Friday, 12 September 2014

By Bus It's Hard; Going From Chard [5]

50 Years Ago ...
... and that flight!
Not only the home of Henry the vacuum cleaner, Chard makes the outrageous claim to be the place were the first ever powered heavier than air machine actually flew. But surely, the Wright brothers ...?
From 1905 to 1907, the brothers developed their flying machine into the first practical fixed-wing aircraft. Although not the first to build and fly experimental aircraft, the Wright brothers were the first to invent aircraft controls that made fixed-wing powered flight possible. The brothers' fundamental breakthrough was their invention of three-axis control, which enabled the pilot to steer the aircraft effectively and to maintain its equilibrium.

Now move to over 60 years earlier in 1840 (ish) in Chard.
John Stringfellow became interested in the idea of flight and, along with another famous (?) Chardian, William Henson, designed a 20 ft wingspan monoplane ...
... to be powered by one of John Stringfellow’s steam engines. It was built but never flew. In June 1848, just months after Henson had emigrated, Stringfellow successfully flew his later and smaller model inside a long room in a disused lace mill in Chard.
When he died in 1883 he left a modest summing up of his work in these words, "Somebody must do better than I before we succeed with aerial navigation."
A steam powered plane could never have been a practical possibility and, as we know, Orville and Wilbur cracked numerous problems of aeronautics and propulsion to be the first to create a flyable, controllable plane that could carry a human being.
The Museum in Chard gives much more information and is well worth a visit, possibly as light relief in the tortuous search for bus times and infrastructure. The Museum web site is (here).

Clive, frequent blog commentator, correspondent and throughly good egg is in the throes of downsizing and has generously sent fbb some old timetables of areas where the chubby blogger has a current and particular interest. One such booklet is this ...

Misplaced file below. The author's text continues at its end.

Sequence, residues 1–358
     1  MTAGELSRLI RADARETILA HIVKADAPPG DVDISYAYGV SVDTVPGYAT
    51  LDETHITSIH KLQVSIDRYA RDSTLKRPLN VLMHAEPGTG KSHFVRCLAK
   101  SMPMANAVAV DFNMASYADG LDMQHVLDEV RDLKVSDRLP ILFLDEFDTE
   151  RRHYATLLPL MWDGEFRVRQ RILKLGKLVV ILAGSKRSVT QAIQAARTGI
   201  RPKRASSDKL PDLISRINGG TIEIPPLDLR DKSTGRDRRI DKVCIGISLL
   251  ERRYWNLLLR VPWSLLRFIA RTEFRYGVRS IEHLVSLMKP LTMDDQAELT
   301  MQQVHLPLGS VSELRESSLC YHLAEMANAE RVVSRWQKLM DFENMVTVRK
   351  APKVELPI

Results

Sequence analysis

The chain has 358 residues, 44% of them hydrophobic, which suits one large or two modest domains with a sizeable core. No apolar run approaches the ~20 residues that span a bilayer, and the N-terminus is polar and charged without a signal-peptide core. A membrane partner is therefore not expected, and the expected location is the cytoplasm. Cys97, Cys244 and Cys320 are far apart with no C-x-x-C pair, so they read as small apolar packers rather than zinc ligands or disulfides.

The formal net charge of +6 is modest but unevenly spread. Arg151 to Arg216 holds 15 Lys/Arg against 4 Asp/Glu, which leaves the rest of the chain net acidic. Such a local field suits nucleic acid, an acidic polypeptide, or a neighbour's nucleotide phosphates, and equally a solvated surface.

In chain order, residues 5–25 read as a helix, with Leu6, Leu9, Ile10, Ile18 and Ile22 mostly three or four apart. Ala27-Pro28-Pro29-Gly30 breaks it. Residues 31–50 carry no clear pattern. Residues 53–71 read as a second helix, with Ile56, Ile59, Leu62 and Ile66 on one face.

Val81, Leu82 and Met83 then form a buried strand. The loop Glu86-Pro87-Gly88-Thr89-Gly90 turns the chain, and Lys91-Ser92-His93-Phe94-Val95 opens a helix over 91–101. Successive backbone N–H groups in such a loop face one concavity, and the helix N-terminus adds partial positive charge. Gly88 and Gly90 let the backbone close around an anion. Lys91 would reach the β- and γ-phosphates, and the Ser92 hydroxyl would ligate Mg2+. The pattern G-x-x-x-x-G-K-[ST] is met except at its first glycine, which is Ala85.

... from 50 years ago.

It does not give the whole story for Chard, or Seaton for that matter, because both communities lay on the boundaries of Western and Southern National and, for Seaton, the addition of Devon general. But it does contain the predecessor of Buses of Somerset service 30 between Taunton and Axminster via Chard.
Here is an extract from service 213, the 1964 equivalent.
Bear in mind that the link between Axminster and Seaton is now provided by Axe Valley Travel, it is interesting to compare running times. In 1964 Taunton to Axminster was a journey of 1 hour 20 or 1 hour 24 minutes; whereas today, by running non stop along the much faster A358 between Thornfalcon and Ilminster; by ignoring Hatch Beauchamp, Capland, Stewley Lodge (all on the old road alignment) ...
... Ashill or Windmill Hill, Broadway and Horton Cross (settlements near Ilminster) ...
... and using more powerful buses that are easier to drive, the journey takes 1 hour 23 minutes! The timetable was almost unchanged six years later in 1970 but with buses showing times for Axminster Station in part compensation for the loss of the Seaton branch railway in 1968.

Chard has changed, too.
The approach from the North-west benefits from a new road and the closure to through traffic via Combe Road (past "works", upper left). Here is Stagecoach 99 coming down the replacement Helliers Road.
Approaching from the south the original Holyrood Street (past "Schs" above) is "by-passed" by ...
... the intriguingly named Duck Lane (and leading into) Crowshute Link as shown (ahead) in a current snap above. The former main road and route for buses to Boden Street is to the right.